3. They make these statements as excuses for why they have not studied music formally in a higher level.
4. (And this is one is the most common) They did not or could not truly learn HOW TO APPLY the knowledge they do have to creativity, songwriting, improvising.
When Mike and I are were music students in college, it was very clear to us which people were simply going through the motions of school and learning and which students were truly there to learn all that they could. Mike and I were both like sponges in music classes. We wanted all the information and knowledge we could get. He and I (and a very small group of others) often got together to study music theory and music history, etc. We knew we would be using all of that knowledge in a big way for everything we would do. It would not be possible for us to do what we do without all the knowledge we have. The knowledge itself are tools. The goal is to have as many tools as possible so that when one is composing he/she can have the ability to express whatever it is they are trying to say musically. Think of any great composer of music (Bach, Beethoven, Mozart, Chopin, Brahms, Mahler, Wagner, etc.) All of them worked very hard to have a huge amount of knowledge. And each worked EVEN HARDER to be able to apply the knowledge in everything they did. Not all of them went to a university, but all studied music very intensely for a long time.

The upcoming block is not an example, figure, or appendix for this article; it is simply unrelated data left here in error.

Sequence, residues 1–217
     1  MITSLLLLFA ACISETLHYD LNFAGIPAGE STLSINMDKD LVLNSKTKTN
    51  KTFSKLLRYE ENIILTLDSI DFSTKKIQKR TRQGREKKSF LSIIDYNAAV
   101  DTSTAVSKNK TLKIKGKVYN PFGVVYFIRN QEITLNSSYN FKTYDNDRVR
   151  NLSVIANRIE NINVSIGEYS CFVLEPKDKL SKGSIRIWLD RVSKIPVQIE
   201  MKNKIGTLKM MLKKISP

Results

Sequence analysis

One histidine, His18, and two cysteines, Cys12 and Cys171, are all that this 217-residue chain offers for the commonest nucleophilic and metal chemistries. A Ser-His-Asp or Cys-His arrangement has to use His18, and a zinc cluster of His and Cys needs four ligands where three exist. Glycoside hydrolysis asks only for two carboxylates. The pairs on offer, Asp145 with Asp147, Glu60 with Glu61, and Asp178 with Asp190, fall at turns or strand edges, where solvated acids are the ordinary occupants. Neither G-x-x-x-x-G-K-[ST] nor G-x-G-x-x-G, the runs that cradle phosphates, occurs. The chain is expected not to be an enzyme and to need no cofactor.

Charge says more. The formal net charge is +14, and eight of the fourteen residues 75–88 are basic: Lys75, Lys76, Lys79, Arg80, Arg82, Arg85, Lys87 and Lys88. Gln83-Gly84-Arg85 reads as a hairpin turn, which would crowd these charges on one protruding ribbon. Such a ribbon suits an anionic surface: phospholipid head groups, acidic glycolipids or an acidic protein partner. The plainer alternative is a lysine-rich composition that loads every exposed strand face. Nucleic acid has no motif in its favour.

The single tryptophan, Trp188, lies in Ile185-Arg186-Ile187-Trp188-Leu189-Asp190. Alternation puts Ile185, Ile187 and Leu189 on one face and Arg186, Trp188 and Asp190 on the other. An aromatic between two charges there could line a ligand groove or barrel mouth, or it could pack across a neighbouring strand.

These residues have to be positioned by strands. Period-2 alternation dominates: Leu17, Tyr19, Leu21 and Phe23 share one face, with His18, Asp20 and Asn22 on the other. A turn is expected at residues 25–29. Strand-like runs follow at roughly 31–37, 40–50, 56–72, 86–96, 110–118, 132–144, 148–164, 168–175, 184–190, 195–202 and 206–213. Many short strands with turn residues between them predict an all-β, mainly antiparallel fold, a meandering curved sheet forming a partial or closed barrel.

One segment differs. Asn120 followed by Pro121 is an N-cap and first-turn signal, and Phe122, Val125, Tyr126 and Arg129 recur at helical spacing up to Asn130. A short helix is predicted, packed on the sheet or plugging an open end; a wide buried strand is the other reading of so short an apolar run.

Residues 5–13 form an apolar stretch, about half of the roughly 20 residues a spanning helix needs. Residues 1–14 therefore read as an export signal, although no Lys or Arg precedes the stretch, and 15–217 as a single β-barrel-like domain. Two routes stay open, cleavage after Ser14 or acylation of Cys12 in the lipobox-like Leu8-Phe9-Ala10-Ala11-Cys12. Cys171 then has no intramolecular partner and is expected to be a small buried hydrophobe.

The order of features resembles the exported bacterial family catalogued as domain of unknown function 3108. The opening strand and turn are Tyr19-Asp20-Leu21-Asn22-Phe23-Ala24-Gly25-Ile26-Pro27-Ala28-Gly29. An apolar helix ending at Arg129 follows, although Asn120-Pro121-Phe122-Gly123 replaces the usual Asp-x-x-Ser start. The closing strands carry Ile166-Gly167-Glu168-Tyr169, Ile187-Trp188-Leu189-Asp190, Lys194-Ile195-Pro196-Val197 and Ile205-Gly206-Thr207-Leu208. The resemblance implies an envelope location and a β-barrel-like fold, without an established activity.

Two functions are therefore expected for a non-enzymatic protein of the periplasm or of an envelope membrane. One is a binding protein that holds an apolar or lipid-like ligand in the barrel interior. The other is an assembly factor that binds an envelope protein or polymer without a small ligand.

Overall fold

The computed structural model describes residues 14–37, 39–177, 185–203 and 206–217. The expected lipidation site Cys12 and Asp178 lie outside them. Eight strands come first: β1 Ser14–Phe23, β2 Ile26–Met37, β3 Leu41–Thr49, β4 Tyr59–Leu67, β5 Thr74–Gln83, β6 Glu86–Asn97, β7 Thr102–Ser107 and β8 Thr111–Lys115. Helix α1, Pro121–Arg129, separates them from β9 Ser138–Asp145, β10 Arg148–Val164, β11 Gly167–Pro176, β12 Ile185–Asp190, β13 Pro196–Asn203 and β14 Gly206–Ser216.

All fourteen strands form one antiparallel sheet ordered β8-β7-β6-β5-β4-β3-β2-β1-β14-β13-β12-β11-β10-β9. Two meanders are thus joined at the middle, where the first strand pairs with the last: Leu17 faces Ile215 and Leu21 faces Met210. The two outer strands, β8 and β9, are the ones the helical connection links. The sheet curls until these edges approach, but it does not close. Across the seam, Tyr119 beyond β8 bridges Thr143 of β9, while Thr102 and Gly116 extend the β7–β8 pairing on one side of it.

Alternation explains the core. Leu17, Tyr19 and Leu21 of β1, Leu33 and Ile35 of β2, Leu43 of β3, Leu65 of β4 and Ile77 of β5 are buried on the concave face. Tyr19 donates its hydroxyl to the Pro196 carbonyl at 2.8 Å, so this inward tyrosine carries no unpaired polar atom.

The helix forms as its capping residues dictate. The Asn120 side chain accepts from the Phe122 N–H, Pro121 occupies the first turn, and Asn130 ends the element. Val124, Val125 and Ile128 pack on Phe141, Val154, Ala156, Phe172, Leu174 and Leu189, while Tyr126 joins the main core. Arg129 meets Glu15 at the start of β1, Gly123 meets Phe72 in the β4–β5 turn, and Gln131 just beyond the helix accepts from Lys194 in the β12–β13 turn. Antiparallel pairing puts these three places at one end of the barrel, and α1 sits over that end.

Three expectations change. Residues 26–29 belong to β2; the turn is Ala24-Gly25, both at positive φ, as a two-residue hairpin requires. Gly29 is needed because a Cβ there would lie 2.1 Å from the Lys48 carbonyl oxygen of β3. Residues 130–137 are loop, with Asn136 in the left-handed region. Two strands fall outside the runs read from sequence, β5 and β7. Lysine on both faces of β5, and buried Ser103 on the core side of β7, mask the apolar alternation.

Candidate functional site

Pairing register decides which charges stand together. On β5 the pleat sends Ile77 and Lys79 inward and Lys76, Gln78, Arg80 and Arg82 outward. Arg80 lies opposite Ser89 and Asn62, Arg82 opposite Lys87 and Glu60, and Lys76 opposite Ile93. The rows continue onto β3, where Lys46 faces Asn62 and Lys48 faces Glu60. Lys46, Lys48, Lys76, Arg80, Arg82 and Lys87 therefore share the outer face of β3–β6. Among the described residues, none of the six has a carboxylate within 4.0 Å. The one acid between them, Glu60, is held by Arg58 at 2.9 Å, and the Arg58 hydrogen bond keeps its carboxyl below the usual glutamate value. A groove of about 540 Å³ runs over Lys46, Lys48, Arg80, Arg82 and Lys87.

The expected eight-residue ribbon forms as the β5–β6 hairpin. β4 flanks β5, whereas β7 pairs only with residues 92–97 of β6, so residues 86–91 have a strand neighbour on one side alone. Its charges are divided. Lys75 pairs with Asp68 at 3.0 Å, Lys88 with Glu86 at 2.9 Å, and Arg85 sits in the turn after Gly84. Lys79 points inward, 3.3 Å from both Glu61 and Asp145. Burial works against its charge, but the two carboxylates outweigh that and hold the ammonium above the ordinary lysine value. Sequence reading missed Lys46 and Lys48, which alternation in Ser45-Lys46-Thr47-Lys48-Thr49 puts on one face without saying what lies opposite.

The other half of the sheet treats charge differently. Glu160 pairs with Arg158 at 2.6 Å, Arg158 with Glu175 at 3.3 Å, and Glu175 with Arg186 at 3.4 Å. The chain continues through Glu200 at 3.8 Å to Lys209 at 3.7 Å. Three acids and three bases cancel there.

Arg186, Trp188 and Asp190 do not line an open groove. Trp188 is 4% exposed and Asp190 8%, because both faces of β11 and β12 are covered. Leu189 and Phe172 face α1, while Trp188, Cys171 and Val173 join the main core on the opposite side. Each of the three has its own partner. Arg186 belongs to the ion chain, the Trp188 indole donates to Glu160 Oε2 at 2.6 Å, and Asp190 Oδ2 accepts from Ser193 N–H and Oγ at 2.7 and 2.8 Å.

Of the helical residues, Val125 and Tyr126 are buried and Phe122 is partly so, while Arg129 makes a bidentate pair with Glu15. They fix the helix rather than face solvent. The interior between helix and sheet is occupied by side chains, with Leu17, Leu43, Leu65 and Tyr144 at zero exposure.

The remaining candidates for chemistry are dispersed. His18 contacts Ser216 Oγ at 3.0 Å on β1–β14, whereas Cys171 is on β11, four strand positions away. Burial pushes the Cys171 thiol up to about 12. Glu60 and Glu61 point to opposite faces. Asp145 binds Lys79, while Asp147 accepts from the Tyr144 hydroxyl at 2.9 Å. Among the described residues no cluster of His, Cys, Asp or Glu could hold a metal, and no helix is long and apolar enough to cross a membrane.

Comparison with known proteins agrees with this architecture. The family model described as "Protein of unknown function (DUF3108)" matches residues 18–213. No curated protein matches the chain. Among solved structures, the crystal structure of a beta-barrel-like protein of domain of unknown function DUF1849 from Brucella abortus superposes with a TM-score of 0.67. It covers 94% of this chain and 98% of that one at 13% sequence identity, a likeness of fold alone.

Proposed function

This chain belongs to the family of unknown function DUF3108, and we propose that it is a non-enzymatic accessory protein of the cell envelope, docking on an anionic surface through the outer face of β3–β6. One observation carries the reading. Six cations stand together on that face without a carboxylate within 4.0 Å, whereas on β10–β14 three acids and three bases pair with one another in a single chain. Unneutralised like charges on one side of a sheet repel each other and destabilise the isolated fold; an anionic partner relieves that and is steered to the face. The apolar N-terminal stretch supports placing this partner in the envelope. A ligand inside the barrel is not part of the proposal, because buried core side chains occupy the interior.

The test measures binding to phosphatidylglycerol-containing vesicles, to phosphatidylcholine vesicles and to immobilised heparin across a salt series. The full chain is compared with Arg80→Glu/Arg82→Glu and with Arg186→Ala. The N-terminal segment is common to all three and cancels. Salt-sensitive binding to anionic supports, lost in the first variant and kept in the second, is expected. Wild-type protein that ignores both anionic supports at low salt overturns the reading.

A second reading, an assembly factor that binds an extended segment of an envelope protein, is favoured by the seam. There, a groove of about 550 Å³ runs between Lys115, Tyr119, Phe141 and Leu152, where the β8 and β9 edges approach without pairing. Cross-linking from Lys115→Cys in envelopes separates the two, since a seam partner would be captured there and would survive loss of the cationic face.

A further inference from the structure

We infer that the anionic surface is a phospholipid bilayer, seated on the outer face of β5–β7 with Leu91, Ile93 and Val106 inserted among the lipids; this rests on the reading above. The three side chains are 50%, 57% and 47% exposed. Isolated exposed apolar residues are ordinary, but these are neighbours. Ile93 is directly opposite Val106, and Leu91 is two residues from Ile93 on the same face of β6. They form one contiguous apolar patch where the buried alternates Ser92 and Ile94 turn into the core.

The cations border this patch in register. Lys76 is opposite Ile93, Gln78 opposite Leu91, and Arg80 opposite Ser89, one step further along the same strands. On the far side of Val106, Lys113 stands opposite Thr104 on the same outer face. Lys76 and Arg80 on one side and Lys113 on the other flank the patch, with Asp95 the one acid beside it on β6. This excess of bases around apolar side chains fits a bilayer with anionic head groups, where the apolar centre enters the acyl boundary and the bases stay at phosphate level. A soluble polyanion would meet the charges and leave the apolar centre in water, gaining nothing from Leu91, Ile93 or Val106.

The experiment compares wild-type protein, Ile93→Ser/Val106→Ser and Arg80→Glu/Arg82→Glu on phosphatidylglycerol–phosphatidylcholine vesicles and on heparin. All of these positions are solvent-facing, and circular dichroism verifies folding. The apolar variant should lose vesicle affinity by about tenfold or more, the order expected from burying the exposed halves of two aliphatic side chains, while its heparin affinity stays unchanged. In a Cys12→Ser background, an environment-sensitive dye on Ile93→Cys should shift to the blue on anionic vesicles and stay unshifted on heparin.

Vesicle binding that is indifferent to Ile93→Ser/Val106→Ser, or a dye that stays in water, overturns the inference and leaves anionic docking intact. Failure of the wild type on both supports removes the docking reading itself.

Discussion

7) HESS is one of the few bands around today who show real integrity to the music. You have stayed true to your personal prophecy. How does one develop the required drive and mind set to be able to achieve this singular goal?